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Times of India
: Wealthy businessman Satyajith is haunted by visions predicting his death, forcing him to seek help from a godman. The latter points out that the source of all his troubles is his latest acquisition - an ancestral property, which is believed to be guarded by a spirit. The plot reveals that the haunted mansion and Satyajith share a dark past.
: Jayaram's second collaboration with director Kannan Thamarakulam of Thinkal Mutham Velli Verrey fame is billed as a horror-comedy. The movie marks Mollywood's first attempt this year to cash in on the horror wave trend that's taken over the neighbouring Tamil film industry.
It starts off in a bygone era where a devoted wife of a Tamil king sacrifices herself so that her spirit can guard her husband in his secret mansion. It quickly cuts to the present day showing the life of a wealthy businessman Sathya (Jayaram), his wife and daughter. Sathya is soon hounded by nightmares and visions predicting his death, forcing him to seek help from a godman (Om Puri). After a series of mojos, the source of Sathya's troubles is revealed to be his latest acquisition - the same mansion guarded by the spirit. Sathya's dark past and the evil spirit's intentions form the rest of the plot.
For a horror-comedy to work, it should either have horror or comedy in doses that entertain the audience. Aadupuliyattam, except for the first 15 minutes, has neither. It has a story that delves too deep into making its characters, such as the ones played by Om Puri and Ramya Krishnan, superhuman, that it comes off as silly. The story also jumps from one timeline to another and some crisp editing could have saved time as well as gripped its viewers to an extent.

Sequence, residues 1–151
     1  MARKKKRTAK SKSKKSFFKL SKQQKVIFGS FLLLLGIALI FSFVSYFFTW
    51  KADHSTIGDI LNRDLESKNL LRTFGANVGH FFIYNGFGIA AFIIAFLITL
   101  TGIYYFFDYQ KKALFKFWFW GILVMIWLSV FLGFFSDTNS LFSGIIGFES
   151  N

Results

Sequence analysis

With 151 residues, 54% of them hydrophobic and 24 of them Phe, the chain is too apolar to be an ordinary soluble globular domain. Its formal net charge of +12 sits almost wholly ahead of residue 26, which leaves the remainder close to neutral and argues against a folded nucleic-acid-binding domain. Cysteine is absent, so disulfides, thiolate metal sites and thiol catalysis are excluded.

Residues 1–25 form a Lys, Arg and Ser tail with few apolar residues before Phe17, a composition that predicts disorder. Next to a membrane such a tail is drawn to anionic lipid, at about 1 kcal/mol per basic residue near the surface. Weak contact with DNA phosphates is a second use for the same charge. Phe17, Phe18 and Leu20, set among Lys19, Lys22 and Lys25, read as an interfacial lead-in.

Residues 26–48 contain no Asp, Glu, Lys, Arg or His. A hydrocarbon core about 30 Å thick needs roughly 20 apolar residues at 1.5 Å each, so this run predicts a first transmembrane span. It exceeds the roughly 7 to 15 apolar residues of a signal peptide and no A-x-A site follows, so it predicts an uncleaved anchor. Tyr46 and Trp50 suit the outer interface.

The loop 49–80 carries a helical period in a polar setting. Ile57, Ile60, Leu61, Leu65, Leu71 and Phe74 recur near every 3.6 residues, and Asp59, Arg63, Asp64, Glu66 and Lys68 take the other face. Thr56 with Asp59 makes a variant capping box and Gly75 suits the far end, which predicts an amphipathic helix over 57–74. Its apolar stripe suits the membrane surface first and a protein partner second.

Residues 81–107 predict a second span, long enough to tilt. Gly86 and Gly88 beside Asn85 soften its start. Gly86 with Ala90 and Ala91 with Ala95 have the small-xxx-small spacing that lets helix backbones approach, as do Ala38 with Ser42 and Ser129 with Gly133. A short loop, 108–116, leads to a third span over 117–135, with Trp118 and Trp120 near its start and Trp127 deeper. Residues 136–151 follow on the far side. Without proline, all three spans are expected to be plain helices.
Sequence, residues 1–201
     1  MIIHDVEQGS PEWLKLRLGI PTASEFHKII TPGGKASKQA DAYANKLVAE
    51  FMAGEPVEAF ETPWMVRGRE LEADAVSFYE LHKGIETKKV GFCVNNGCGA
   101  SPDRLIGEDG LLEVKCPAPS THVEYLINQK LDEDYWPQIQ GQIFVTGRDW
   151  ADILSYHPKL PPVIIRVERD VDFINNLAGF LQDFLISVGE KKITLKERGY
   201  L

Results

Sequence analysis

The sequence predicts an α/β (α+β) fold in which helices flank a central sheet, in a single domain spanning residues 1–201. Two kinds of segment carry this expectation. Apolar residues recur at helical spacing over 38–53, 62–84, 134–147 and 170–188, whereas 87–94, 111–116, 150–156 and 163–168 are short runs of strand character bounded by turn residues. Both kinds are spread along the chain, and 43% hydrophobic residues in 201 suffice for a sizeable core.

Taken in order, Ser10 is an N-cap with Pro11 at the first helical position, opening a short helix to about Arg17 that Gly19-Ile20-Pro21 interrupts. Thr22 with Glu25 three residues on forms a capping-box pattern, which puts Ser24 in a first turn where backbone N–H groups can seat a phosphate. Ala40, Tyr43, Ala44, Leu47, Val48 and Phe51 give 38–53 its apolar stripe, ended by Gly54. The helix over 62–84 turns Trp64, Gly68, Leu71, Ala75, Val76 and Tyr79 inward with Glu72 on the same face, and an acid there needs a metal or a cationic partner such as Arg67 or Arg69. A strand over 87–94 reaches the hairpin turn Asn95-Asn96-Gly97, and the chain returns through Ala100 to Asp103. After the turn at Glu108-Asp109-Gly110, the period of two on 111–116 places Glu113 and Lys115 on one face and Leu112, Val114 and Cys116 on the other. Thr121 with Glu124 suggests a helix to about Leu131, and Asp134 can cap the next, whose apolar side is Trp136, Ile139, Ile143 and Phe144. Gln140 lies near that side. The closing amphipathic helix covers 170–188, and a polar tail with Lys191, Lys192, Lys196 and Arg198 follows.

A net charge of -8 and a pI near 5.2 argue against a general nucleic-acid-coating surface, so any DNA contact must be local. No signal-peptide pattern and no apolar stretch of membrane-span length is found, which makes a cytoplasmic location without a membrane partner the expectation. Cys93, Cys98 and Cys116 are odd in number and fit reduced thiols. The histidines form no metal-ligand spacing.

The comedy track - led by Saju Navodaya and Ramesh Pisharody - becomes irritating after a point. Jayaram too has nothing much do than be his usual self. Om Puri's acting comes off as forced as the actor tries to convey all his dialogues with actions. Sampath, who has dubbed for the movie, has done a neat job in his cameo. Ratheesh Vega's tunes and background scores are on par with what is expected for a tale that is largely set in Tamil Nadu.
If Aadupuliyattam was trying to set the horror-comedy genre going in Mollywood, it doesn't quite take off. With an average and predictable storyline and jokes that fall flat, the movie fails to hold its viewers' attention and becomes an insipid affair real fast.